McCarter & English LLP has added a pair of attorneys experienced in life sciences as intellectual property partners in its Boston office, the firm has announced.
Kislak Organization has reportedly bought a Florida office building for $13.85 million, Chinese tech startup Bytedance is said to be taking nearly 119,000 square feet in Los Angeles County and Verzasca Group has reportedly sold a Miami development site for $13.1 million.
Efforts to enact federal privacy legislation and to clamp down on foreign cyberattacks and influence campaigns are likely to receive even greater attention after Tuesday's midterm elections, which put Democrats with significant appetites for digging deeper into these issues in charge of key oversight committees in the U.S. House, experts say.
An Iranian national and former Tata Consultancy Services Ltd. software engineer testified Wednesday during a California federal trial over class discrimination claims that his Indian boss and colleagues mocked him, repeatedly called him “stupid” and then kicked him off an Apple Inc. job for being late for work on a single occasion.
Whether Justice Brett Kavanaugh’s prior statements may be grounds for disqualification when it comes to judging certain cases is debatable, but there are no specific recusal guidelines for the U.S. Supreme Court. The justices themselves don’t even agree on where to draw the line when it comes to perceived political bias, says Donald Scarinci, a founding partner of Scarinci Hollenbeck LLC.
With the announcement this week that a previously undisclosed software bug potentially exposed up to 500,000 Google+ users' personal data, Google has a problem. And the U.S. Securities and Exchange Commission is probably investigating, says John Reed Stark, former chief of the SEC's Office of Internet Enforcement.
As technology evolves, law firms are increasingly looking for ways to improve communication, transparency and service for their clients. Firms should put knowledge management at the core of their value proposition to create a competitive advantage, says Rob MacAdam at HighQ.
With almost 75 percent of marine liability losses being a result of human error, companies are increasingly interested in the development of autonomous ships. While fully autonomous vessels could offer a competitive advantage by allowing elimination of shipboard crew, hiring and training of capable shoreside support staff will be essential, says Micah Dawson of Fisher Phillips LLP.
Last month, California passed the first-ever state legislation aimed at regulating "internet of things" devices. The new law restricts liability to manufacturers of physical hardware — drawing a narrower line than the U.S. Food and Drug Administration's previous guidance, say Michael Buchanan and Michelle Bufano of Patterson Belknap Webb & Tyler LLP.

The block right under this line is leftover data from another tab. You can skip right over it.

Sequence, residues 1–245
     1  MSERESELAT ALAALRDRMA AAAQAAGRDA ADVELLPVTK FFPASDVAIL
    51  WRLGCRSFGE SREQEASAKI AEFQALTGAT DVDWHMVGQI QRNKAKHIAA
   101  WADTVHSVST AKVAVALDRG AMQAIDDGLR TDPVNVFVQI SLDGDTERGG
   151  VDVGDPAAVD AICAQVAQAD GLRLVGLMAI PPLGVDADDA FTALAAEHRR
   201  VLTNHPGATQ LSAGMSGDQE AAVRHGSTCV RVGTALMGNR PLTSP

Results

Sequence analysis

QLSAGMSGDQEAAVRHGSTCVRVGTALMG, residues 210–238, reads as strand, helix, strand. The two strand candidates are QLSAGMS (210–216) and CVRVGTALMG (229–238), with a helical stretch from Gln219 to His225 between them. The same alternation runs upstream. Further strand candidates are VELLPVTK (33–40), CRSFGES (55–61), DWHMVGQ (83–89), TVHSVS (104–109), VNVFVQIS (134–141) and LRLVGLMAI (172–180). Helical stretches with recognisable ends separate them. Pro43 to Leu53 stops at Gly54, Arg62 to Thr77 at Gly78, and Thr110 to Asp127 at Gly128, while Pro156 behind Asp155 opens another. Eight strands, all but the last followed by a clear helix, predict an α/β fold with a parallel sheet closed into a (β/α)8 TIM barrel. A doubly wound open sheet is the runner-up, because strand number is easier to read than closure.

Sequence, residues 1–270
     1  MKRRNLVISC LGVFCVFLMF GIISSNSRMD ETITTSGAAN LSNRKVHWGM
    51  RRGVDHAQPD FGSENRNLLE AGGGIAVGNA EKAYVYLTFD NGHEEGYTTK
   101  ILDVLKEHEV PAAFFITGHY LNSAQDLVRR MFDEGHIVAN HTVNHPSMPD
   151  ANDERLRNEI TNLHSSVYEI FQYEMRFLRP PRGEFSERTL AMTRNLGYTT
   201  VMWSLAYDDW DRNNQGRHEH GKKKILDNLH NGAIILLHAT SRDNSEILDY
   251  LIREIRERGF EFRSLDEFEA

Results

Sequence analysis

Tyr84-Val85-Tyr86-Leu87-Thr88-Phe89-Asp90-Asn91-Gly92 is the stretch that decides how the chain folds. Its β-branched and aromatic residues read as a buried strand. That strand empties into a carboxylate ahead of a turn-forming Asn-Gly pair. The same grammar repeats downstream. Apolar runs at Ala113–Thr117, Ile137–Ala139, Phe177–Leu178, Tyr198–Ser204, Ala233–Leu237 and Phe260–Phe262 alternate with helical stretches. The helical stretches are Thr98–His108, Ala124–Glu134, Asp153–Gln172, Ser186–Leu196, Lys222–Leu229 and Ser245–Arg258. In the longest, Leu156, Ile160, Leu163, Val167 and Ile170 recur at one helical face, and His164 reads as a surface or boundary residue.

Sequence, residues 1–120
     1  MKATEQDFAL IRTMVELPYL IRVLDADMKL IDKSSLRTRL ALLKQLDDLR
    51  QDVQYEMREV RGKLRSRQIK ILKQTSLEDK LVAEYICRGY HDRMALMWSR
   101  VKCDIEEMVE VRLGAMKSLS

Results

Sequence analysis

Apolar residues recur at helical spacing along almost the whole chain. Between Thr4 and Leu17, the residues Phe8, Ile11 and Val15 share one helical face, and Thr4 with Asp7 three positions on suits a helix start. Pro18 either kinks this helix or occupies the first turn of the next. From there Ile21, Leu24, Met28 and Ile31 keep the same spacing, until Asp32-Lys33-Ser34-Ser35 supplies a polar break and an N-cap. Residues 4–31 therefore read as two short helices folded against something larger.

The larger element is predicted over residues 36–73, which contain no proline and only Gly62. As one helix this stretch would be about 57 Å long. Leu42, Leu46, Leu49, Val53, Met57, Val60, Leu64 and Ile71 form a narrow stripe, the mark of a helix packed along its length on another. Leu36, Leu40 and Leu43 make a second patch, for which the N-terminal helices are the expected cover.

Many believe that California's new law requiring a minimum number of female directors at public companies is necessary. But the law also faces a number of criticisms, and its implementation may well be delayed or even blocked by constitutional challenges, say attorneys with Arnold & Porter.
In Apple v. Pepper, the U.S. Supreme Court will consider whether iPhone owners who purchase apps from Apple’s app store should be considered “direct purchasers” under federal antitrust laws. The court should use this opportunity to reevaluate the direct purchaser analysis it established in Illinois Brick Co. v. Illinois, says Samuel Miller of UC Hastings Law School.
For the past 50 years, Title VII issues related to classified employment ads arranged by sex remained relatively well-settled. However, U.S. Equal Employment Opportunity Commission charges against Facebook’s targeted advertising platform recently resurrected them, says Kristen Sinisi of Bernabei & Kabat PLLC.
While insolvencies and fraud in the cryptocurrency space will create many issues of first impression for the courts, some valuable lessons can be found in more traditional fraud cases, such as the Bernie Madoff Ponzi scheme, says Brett Theisen of Gibbons PC.
As we watch what passes for political discourse in our nation’s capital, it’s understandable that universities are launching programs on how to cope with ideological disputes. But our country needs fewer people who profess to be open-minded and more people who engage in and honor the conclusions of reasoned debates, says Alex Dimitrief of General Electric Co.